A Neoclassical Native Bee House

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Inspired by the LA Natural History Museum’s bee houses on poles, I dashed off my own version in Sketchup. It’s an homage to Ian Hamilton Finlay.

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Kelly is supportive but skeptical. I’m hoping it can be a part of the reboot of our front yard, which we’re about to embark on. The plan is to remove unsuccessful plants and make the space more welcoming to wildlife. More on that in later posts.

055 Guerilla Furniture Design

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My guest this week is designer, craftsman, carpenter and educator Will Holman. Will is the author of Guerilla Furniture Design and many how-to articles for magazines and web sites. During the podcast we discuss:

If you want to leave a question for the Root Simple Podcast please call (213) 537-2591 or send an email to [email protected]. You can subscribe to our podcast in the iTunes store and on Stitcher. The theme music is by Dr. Frankenstein. A downloadable version of this podcast is here.

054 Digital Design Tools on the Homestead

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Our topic this week is using digital design tools such as Sketchup to conceptualize and build simple projects around your house or apartment. Our guest is designer John Zapf, proprietor of  Zapf Architectural Renderings and the genius behind our chicken run. During the podcast we discuss:

If you want to leave a question for the Root Simple Podcast please call (213) 537-2591 or send an email to [email protected]. You can subscribe to our podcast in the iTunes store and on Stitcher. The theme music is by Dr. Frankenstein. A downloadable version of this podcast is here.

Restoring a Built-in Ironing Board

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If the original inhabitants of our old house found themselves teleported to the present, I imagine the first question they’d ask is why people go out in public wearing (me included) what to 1920s sensibilities would seem like baggy and wrinkled pajamas. The presence of a built-in ironing board in our kitchen indicates the centrality of ironing and a commitment to well pressed shirts and dresses back in the 1920s. If I were an archeologist, I’d be tempted to call these 1920s folks an “iron age” people.

But then this happened:

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Apparently, in the 1960s there was just too much strenuous “action” to bother with ironing. Around this time or at some later date, the previous inhabitants of our house converted the ironing board into an awkward spice rack. I guess all the “action” required seasoning.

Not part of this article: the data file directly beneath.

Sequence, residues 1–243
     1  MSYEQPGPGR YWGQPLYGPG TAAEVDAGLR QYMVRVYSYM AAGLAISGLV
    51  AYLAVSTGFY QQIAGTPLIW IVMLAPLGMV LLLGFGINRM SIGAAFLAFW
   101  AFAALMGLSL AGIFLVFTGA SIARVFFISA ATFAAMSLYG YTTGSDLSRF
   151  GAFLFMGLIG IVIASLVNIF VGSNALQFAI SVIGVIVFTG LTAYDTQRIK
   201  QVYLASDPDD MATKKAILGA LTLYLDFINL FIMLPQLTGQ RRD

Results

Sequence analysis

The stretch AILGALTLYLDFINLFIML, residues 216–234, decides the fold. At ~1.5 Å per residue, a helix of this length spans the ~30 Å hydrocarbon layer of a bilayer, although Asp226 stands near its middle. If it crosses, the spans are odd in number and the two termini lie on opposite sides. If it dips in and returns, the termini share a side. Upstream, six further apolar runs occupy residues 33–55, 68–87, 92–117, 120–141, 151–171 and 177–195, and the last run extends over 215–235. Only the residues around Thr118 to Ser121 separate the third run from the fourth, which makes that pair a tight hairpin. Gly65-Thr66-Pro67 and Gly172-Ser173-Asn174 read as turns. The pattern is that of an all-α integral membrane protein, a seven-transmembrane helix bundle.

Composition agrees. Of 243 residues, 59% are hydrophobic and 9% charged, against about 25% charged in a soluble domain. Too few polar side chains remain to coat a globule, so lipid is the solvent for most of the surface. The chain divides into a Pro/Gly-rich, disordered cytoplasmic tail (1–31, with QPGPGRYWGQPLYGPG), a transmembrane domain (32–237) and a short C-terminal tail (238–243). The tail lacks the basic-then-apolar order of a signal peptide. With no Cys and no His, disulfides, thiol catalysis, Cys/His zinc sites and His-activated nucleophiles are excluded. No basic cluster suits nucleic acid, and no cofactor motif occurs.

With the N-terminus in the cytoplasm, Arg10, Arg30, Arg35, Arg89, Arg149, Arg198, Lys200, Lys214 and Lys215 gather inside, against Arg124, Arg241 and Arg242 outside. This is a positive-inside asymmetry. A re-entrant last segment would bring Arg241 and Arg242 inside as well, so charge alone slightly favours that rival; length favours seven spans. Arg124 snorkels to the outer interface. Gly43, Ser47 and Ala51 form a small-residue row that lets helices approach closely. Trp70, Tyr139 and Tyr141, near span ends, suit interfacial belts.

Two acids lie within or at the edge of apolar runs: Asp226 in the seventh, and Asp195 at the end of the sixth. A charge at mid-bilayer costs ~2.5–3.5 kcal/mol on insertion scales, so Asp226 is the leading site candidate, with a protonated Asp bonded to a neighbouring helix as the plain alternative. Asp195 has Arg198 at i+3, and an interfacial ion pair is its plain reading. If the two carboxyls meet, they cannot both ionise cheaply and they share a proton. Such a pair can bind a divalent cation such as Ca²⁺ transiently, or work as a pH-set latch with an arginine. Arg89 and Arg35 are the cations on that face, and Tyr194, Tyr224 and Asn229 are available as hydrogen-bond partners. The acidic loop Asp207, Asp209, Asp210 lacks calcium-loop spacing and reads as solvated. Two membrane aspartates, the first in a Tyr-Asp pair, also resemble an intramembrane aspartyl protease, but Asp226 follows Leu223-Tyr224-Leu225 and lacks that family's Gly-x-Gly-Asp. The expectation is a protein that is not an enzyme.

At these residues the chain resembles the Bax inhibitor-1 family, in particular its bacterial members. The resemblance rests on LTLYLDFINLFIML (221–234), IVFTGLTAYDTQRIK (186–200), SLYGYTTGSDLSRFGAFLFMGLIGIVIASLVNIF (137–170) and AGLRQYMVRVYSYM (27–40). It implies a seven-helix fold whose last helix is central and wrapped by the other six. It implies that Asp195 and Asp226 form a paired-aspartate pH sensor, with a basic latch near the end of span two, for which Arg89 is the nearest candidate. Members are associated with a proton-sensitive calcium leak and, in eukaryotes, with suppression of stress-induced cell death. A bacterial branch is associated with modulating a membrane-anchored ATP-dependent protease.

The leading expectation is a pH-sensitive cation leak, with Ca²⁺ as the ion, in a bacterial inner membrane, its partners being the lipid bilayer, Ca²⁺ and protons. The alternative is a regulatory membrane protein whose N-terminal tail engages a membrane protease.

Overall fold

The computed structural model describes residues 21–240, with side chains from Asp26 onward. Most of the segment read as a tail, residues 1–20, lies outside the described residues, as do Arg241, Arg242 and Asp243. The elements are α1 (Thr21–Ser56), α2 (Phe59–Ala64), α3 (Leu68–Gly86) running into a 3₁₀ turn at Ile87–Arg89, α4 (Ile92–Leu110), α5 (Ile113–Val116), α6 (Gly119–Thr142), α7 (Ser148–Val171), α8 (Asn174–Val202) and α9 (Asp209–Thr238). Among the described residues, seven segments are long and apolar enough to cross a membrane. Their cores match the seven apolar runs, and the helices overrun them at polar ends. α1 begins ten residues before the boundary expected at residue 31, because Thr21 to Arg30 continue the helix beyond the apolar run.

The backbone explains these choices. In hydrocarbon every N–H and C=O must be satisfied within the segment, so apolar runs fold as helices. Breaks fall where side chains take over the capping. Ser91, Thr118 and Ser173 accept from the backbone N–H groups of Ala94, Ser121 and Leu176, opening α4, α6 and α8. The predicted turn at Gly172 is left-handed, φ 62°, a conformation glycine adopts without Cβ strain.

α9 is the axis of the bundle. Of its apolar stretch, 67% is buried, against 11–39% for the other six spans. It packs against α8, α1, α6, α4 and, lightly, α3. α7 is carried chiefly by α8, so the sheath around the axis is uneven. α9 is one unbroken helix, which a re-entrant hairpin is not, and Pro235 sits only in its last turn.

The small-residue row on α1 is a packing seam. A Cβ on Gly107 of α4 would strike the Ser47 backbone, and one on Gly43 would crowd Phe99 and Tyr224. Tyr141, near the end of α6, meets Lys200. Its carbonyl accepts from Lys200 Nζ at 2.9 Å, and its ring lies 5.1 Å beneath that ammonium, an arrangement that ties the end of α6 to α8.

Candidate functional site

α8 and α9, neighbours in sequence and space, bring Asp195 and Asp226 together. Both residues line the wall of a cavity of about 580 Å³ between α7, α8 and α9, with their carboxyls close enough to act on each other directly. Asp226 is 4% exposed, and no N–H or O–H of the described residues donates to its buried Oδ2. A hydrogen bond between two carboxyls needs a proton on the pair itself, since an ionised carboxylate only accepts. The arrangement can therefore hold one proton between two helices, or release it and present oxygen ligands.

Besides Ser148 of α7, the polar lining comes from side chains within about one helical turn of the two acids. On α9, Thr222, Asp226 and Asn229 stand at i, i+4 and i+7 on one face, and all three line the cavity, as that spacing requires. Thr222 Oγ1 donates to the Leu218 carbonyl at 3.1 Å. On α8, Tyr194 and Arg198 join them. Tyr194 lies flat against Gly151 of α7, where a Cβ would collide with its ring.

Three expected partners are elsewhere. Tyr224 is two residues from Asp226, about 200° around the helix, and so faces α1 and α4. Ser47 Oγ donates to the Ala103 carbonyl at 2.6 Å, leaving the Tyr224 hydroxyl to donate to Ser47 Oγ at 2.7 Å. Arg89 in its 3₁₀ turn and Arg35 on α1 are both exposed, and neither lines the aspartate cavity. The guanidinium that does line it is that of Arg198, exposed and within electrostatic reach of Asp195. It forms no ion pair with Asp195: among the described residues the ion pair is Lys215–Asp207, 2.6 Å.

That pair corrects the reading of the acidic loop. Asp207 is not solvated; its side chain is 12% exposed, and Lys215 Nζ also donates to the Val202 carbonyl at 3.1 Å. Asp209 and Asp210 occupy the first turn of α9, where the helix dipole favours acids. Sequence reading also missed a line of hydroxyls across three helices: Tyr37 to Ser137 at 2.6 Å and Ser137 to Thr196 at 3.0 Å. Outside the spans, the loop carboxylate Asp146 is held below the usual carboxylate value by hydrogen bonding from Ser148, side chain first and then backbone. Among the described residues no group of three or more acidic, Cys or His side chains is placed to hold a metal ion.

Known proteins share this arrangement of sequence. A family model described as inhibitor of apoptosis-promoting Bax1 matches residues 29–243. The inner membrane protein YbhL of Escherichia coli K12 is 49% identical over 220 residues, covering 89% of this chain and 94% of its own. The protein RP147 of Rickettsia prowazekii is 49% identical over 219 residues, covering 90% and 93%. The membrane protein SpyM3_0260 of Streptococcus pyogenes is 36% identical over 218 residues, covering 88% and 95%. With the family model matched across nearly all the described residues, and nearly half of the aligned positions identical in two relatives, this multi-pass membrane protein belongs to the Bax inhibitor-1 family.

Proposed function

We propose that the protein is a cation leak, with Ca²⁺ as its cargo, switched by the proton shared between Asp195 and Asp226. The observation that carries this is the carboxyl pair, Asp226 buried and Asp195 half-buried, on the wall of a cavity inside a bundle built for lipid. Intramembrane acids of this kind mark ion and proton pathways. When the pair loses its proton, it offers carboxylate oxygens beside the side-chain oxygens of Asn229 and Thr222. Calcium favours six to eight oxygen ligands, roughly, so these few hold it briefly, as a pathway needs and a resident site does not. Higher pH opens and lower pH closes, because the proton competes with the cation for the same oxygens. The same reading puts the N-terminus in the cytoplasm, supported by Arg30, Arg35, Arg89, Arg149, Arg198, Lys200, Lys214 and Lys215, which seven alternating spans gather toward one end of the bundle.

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Restoring the ironing board was one of the first things I did when we moved into this house back in 1998. I just looked at some pictures of built-in ironing boards in an old copy of the Sears Home Catalog, cut out a piece of MDF and covered it in ironing board material. I attached a dowel to the back of the board that slides in a track in the lower portion of the cabinet. But somehow the commitment to iron-worthy fashion did not follow.

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On my bucket list is a much overdue attempt to dress better. Our neighborhood produces eccentrics such as the late Silver Lake Walker and Five Dollar Guy so I could dress like a 1920s monopoly man and nobody would notice. Just another aging hipster! But I need not push this fashion thoughtstyling into self parody. Perhaps some moderate ironing and a commitment to looking just a bit better would suffice.

Do you use an ironing board? How often?

053 Breakfast Nook Theory

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On this week’s podcast Kelly and I discuss our recent breakfast nook remodel and conclude with Kelly’s ideas about how to choose paint colors. I’m so lucky to have a resident Master of Fine Arts! We’re also lucky to have a digital copy of Architectural Graphics Standards!

If you want to leave a question for the Root Simple Podcast please call (213) 537-2591 or send an email to [email protected]. You can subscribe to our podcast in the iTunes store and on Stitcher. The theme music is by Dr. Frankenstein. A downloadable version of this podcast is here.